AASM shifts sleep strategy
DARIEN, Ill. - A proposal that would allow sleep centers to provide CPAP equipment to Medicare beneficiaries could threaten the role of HME providers in the market.
The American Academy of Sleep Medicine (AASM) on Sept. 16 released a final draft of its proposal to create a pilot program with an "integrated sleep management delivery model." The pilot would be tested in partnership with the Center for Medicare and Medicaid Innovation.
"The idea is to move sleep medicine from being just diagnostic to more management and outcomes-based," said Dr. Nancy Collop, AASM president. "It hopefully improves patient care and puts the sleep physician at the controls in getting the patient through the process."
Under the AASM plan, participating sleep centers would need to receive AASM accreditation for sleep centers, DME programs and out-of-center sleep testing; partner with a dental sleep medicine professional experienced in oral appliance therapy; partner with a surgeon experienced in upper airway surgery to treat OSA; have a tracking mechanism to record patient follow-up and outcomes; and have a compliance program to prevent fraud and abuse.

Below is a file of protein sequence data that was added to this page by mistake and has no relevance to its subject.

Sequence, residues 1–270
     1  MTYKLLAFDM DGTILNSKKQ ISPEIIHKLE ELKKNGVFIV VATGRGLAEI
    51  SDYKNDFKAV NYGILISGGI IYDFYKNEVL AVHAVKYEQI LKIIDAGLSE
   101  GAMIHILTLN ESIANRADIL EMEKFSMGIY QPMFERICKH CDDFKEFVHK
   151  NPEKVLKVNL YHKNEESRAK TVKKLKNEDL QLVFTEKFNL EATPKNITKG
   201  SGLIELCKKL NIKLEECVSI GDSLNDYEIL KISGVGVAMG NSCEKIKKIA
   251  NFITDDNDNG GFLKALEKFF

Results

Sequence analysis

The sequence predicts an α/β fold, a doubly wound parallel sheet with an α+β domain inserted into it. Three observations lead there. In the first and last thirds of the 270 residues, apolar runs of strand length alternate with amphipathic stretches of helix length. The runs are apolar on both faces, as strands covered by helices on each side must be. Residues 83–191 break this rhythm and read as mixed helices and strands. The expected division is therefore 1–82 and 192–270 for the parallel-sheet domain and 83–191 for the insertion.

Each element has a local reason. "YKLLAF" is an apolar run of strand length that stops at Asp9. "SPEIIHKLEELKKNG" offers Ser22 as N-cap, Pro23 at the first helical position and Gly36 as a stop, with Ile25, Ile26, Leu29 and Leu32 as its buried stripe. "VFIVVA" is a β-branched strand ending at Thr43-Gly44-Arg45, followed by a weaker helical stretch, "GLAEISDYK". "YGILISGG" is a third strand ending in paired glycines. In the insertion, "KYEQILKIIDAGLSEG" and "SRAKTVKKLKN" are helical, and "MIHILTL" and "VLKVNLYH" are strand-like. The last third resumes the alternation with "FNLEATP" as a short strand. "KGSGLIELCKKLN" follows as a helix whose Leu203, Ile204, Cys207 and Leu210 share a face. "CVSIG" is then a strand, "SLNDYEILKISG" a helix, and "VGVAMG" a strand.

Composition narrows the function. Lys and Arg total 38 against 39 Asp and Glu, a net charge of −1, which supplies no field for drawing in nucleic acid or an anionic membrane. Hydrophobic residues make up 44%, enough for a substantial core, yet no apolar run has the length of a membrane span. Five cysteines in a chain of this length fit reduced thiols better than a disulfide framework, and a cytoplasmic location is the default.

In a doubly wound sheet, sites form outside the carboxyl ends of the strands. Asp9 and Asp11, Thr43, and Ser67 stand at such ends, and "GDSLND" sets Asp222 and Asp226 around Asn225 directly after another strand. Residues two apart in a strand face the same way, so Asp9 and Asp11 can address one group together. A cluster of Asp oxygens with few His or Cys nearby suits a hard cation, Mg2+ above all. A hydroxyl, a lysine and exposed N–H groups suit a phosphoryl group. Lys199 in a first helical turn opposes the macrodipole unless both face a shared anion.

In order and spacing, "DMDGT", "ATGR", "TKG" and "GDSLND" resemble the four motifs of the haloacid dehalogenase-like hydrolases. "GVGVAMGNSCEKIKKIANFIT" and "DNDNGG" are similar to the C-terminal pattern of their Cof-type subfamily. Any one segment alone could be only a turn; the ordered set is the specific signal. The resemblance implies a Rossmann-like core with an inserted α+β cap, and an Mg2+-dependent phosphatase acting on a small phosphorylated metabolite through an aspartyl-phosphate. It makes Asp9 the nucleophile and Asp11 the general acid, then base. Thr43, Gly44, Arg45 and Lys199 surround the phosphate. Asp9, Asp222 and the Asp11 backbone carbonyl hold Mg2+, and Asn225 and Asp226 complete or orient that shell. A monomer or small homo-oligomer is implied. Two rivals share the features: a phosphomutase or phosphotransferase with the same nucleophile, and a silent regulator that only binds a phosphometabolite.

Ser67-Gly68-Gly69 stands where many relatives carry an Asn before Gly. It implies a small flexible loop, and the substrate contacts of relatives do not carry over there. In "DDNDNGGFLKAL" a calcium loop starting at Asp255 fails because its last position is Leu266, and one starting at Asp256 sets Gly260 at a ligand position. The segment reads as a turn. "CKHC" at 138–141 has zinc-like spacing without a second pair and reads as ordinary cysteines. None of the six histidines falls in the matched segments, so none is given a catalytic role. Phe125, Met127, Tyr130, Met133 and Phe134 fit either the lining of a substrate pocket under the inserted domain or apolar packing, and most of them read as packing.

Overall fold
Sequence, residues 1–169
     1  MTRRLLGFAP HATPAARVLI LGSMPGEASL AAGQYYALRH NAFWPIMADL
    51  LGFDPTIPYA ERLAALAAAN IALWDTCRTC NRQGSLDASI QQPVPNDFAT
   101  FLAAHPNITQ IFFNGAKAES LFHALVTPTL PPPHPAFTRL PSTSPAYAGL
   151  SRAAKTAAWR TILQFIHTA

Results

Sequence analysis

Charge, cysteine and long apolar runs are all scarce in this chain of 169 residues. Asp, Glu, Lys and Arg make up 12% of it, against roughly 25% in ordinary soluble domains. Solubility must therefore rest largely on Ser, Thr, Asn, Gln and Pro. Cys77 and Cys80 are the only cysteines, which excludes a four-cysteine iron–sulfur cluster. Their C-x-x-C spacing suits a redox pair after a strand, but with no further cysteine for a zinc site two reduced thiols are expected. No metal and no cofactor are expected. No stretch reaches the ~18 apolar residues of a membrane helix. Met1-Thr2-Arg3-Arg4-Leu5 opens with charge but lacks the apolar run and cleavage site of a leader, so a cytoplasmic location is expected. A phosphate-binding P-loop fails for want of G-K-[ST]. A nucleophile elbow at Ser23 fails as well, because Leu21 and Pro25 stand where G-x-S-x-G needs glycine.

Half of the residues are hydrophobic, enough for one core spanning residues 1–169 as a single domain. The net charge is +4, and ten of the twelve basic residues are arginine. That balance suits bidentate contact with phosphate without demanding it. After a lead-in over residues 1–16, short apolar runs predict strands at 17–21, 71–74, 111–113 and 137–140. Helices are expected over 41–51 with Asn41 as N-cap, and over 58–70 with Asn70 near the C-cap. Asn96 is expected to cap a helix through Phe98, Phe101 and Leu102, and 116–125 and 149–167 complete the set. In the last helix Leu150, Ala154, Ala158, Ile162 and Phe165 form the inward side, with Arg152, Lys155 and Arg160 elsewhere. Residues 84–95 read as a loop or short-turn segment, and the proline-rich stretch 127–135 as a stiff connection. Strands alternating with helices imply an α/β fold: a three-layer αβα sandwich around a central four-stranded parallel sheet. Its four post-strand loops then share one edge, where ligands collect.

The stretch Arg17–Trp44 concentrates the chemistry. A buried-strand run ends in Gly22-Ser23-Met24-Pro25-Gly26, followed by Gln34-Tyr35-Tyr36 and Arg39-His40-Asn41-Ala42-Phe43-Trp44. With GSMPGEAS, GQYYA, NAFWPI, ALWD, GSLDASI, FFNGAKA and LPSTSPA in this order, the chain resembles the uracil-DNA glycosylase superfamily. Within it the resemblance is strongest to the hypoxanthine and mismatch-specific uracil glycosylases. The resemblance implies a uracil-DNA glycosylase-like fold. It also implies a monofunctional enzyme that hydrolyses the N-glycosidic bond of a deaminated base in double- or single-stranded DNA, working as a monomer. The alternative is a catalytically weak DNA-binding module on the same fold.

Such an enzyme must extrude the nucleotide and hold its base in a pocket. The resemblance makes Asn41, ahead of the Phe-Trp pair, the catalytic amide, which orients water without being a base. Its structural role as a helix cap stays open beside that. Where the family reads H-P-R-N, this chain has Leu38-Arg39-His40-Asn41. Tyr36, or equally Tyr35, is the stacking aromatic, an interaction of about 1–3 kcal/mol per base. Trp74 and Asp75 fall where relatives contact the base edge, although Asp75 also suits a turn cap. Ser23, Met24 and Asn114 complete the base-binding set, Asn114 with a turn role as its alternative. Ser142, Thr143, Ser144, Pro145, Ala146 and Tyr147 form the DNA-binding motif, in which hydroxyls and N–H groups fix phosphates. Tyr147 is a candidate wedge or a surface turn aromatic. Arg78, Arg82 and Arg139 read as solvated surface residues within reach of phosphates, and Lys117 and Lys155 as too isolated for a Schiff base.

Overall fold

Many commercial insurers already allow sleep labs to bill for both the sleep test and the CPAP equipment--something Medicare rules prohibit. To date, that's been an advantage for HME providers who currently tread a thin line between competing with labs and getting referrals from them.
"There's been this one segment isolated from the lab being a total competitor and that's Medicare," said one provider. "This would be a decrease in the number of referrals to us."
The proposal is the latest effort by the AASM to keep up with a changing industry. In 2010, it began offering a DME accreditation program; earlier this year, it launched an accreditation program for out-of-center sleep testing. Collop emphasized that the proposal is still in its early stages and said there may be room in the future for partnerships with HME providers.
"The focus right now is on the fragmentation of care," she said. "Lots of times patients get lost in the system and our goal is to try and improve communication, not necessarily to exclude people."
If HME providers don't want to find themselves shut out of the CPAP business, they need to do a better job--as an industry--of proving their value to other healthcare providers, says Lisa Feierstein.
"We understand the complexity and the special needs around patient care in the continuum," said Feierstein, founder of Raleigh, N.C.-based Active Healthcare. "The better DME providers understand that it's more than a piece of equipment. There's a whole process around compliance."